Interstate Oil Pipe Line Co. v. Stone,
337 U.S. 662 (1949)

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U.S. Supreme Court

Interstate Oil Pipe Line Co. v. Stone, 337 U.S. 662 (1949)

Interstate Oil Pipe Line Co. v. Stone

No. 287

Argued January 13, 1949

Decided June 20, 1949

337 U.S. 662


Appellant owns and operates pipelines used to transport oil from lease tanks to railroad loading racks in Mississippi. Delivery of the oil to appellant by the owner is accompanied by instructions for shipping it interstate. The oil is pumped from the loading racks into railroad tank cars; and, if no tank cars are available, it is stored, but never longer than a week. In the bills of lading, which covered only the rail shipment, the owner is designated as shipper and appellant as his agent, and the out-of-State destination is indicated. Mississippi levied against appellant a tax measured by appellant's receipts from the transportation of the oil from the lease tanks to the loading racks.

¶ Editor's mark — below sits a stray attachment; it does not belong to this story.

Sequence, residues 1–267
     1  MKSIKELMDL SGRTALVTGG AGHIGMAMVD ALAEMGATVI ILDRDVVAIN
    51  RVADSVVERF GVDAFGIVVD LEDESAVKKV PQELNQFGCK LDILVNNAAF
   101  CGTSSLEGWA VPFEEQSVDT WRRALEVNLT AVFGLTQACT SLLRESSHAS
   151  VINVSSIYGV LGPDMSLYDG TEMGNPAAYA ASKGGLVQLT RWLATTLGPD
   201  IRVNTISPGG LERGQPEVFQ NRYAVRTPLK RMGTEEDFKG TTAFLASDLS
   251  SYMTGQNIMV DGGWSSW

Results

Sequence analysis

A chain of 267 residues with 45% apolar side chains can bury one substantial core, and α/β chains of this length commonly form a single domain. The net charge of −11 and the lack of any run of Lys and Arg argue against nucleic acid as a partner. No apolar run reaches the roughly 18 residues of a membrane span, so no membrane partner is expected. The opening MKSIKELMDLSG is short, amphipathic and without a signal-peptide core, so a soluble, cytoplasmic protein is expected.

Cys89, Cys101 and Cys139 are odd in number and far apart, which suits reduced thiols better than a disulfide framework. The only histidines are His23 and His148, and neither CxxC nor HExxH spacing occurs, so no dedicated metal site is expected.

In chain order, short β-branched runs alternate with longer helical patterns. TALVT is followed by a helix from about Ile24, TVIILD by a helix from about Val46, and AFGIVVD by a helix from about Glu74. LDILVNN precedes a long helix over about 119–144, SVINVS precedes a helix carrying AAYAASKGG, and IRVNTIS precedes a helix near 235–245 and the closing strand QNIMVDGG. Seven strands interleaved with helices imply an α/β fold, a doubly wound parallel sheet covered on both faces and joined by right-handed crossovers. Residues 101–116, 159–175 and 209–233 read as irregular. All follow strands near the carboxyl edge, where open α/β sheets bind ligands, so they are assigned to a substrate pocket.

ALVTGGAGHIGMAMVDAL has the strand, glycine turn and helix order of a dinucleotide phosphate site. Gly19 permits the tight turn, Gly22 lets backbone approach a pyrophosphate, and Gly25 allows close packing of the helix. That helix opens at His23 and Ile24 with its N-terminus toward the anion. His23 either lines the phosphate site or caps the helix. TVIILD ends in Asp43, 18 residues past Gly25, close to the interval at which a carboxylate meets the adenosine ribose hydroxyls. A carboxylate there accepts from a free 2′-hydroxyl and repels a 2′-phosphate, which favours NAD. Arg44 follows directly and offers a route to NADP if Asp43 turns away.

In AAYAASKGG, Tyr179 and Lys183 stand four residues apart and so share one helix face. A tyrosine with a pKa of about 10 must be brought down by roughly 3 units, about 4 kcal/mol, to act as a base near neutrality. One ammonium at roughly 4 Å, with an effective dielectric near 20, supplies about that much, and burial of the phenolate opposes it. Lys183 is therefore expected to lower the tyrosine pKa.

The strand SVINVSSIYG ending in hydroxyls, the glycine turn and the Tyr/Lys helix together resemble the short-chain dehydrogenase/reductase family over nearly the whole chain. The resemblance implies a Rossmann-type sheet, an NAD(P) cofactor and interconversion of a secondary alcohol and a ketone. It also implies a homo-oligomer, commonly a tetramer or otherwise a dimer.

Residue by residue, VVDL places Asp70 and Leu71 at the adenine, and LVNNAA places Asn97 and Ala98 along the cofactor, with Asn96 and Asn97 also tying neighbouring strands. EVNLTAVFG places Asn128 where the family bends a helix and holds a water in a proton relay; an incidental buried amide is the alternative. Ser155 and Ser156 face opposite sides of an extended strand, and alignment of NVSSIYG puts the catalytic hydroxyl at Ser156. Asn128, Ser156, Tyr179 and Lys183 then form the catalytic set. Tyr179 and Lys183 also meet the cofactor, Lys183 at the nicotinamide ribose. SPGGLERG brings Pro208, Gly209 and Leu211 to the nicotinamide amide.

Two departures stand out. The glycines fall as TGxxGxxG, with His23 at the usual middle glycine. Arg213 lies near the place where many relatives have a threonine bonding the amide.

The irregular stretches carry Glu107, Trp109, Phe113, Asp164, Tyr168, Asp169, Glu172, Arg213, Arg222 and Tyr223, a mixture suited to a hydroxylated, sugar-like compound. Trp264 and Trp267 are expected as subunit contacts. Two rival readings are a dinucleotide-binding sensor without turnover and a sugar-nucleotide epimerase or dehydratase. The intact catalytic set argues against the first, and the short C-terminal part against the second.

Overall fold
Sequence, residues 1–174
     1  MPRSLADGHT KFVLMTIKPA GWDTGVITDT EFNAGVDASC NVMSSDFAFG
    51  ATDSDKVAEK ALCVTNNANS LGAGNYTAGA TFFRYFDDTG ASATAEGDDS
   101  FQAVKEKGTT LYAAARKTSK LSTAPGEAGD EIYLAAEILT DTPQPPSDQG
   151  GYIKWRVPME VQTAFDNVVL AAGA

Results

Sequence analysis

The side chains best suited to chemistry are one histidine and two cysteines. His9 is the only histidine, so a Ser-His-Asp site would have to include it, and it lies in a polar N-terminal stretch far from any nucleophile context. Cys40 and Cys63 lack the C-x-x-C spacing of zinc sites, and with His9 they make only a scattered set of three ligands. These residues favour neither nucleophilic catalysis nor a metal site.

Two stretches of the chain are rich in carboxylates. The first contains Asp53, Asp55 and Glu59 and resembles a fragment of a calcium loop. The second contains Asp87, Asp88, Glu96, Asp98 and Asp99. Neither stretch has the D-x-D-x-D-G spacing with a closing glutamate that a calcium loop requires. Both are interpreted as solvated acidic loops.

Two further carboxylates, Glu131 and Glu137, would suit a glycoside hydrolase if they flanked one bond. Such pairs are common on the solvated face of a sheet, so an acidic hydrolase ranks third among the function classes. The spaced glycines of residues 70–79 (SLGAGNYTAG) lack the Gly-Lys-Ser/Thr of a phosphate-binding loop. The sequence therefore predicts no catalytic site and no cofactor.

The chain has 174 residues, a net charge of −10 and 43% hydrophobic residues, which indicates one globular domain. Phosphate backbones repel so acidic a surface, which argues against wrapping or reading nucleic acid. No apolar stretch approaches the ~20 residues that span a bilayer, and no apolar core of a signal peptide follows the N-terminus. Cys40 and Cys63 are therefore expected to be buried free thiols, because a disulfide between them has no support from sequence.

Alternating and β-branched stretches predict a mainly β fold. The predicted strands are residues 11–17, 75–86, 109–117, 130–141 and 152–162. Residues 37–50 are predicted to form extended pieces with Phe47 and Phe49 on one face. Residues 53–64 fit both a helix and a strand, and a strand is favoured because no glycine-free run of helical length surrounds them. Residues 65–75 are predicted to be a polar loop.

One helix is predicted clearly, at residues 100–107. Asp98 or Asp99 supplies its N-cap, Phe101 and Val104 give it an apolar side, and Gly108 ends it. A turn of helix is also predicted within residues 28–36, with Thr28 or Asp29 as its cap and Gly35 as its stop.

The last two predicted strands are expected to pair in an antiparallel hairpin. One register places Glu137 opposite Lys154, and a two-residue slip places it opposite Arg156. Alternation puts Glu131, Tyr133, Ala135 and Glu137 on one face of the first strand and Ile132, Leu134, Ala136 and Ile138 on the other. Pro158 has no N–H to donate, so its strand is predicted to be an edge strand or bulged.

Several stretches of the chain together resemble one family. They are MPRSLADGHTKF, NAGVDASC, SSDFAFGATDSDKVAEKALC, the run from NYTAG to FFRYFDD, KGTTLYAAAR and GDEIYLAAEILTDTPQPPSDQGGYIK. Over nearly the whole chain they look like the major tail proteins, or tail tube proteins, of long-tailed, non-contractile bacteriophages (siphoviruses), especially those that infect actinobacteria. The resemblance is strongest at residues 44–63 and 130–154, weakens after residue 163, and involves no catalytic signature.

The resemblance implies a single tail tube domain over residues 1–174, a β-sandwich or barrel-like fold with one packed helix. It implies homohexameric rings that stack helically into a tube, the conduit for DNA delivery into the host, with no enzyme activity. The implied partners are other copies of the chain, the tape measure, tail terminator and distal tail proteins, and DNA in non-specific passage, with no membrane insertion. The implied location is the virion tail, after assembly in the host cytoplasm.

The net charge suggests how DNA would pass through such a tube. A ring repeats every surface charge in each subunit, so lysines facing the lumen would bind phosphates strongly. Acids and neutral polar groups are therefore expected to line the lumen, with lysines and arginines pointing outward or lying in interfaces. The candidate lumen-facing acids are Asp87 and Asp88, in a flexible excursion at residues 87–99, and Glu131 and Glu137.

Held: the tax did not violate the Commerce Clause of the Federal Constitution. Pp. 337 U. S. 663-665, 337 U. S. 668.

203 Miss. 715, 35 So.2d 73, affirmed.

A state tax levied against a pipeline company was sustained by the State Supreme Court against a claim of invalidity under the Federal Constitution. 203 Miss. 715, 35 So.2d 73. On appeal to this Court, affirmed, p. 337 U. S. 668.

Page 337 U. S. 663

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